by Anmol AhujaSep 17, 2021
In a time when our semblance of "normals" and "regulars” have been vastly altered owing to the pandemic, Singapore’s national representation at the Venice Architecture Biennale 2021 presents a particularly interesting picture. Perhaps the most allegiant to Hashim Sarkis' curatorial question: How will we live together, Singapore’s answer to it through its national pavilion commissioned jointly by the Urban Redevelopment Authority (URA) and DesignSingapore Council (Dsg), and curated by the National University of Singapore (NUS), is sought in the country’s already rich and constantly transforming architectural landscape. As a nation too, Singapore has been at the forefront of architectural and building innovation, pioneering green architecture and urban co-living, not just in South East Asia, but in the world, thus living up to its moniker of the Garden City.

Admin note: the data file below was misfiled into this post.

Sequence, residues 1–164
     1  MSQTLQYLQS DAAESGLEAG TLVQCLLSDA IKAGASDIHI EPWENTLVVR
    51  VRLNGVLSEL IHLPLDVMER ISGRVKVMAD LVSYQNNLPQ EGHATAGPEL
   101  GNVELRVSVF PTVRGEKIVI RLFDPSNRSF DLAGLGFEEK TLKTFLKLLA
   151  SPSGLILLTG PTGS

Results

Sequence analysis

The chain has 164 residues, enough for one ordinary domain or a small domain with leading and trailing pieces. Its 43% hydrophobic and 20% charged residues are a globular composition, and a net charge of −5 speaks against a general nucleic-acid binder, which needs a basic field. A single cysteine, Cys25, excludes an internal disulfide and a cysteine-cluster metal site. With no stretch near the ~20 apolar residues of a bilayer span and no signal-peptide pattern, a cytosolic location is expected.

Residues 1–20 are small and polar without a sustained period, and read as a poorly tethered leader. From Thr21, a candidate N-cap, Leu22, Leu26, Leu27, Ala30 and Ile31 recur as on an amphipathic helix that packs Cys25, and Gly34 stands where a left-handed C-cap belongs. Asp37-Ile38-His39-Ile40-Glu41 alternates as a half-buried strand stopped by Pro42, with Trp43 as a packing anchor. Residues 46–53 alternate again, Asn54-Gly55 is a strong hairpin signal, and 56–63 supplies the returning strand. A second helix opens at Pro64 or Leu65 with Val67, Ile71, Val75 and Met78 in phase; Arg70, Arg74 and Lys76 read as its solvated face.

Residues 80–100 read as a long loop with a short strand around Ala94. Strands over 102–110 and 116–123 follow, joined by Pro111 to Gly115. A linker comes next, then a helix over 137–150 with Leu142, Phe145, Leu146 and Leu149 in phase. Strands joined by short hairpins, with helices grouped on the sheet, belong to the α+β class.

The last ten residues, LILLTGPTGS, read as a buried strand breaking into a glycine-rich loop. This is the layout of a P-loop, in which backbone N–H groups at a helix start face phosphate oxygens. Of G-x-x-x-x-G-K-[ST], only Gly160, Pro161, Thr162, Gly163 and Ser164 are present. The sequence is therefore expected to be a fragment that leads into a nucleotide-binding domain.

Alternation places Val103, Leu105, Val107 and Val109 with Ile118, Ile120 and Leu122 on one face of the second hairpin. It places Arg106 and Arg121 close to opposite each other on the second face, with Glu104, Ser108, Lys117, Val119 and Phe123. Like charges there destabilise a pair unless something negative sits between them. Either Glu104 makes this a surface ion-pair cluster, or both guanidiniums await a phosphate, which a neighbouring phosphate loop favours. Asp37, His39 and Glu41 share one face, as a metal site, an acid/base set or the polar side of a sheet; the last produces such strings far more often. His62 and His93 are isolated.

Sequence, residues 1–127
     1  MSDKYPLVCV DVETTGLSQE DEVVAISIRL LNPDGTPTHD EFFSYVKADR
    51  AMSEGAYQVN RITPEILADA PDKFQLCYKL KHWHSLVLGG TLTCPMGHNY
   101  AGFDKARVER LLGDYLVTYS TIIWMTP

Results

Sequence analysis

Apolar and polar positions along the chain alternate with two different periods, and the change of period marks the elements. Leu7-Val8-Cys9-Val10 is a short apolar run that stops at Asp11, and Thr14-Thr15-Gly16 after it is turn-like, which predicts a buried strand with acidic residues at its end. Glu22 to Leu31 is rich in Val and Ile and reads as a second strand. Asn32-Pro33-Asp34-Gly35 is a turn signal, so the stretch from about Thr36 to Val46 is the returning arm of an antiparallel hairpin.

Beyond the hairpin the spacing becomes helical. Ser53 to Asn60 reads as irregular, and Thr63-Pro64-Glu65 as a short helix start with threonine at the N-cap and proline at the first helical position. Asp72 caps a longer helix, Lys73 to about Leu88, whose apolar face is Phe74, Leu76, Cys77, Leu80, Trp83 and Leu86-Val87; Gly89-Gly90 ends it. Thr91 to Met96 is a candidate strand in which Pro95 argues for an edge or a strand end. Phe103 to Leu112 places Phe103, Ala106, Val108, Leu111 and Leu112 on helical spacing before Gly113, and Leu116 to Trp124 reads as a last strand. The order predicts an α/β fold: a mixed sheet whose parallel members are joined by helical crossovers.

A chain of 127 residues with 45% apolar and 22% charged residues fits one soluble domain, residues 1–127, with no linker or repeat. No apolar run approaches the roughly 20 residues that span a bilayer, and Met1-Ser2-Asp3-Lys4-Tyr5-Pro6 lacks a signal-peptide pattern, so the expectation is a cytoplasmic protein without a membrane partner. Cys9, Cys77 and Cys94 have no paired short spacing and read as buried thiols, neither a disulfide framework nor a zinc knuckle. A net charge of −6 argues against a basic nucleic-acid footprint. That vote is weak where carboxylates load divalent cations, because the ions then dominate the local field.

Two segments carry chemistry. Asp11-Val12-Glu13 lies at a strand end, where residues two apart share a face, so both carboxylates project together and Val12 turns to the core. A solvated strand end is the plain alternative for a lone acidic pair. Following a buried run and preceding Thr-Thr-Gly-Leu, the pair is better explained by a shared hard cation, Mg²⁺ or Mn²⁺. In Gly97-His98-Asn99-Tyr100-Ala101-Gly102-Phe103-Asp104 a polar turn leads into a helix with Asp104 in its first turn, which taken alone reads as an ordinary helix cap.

What then particularly stands out about the Singapore Pavilion is that it presents not one, but 16 projects as part of its curation. Covering nearly the entire architectural and design gamut, varying from a collection of materials with strong essences on a table-top, to revamping full neighbourhoods through urban regeneration projects, the works on display engage different senses, inspiring conversation. Coming off of a literal play on the overarching theme of the Venice Architecture Biennale, the exhibition is aptly titled to-gather: the Architecture of Relationships. To probe answers into this seemingly intangible relationship between architecture and interpersonal relationships, and the wide variance in scale, sensory experience, and media, STIR engages in a stimulating academic conversation with Prof. Dr. Puay-peng Ho, head of the Department of Architecture at the NUS, and curator of the Singapore Pavilion, to gauge his curatorial process, and how these projects represent the very best of Singapore.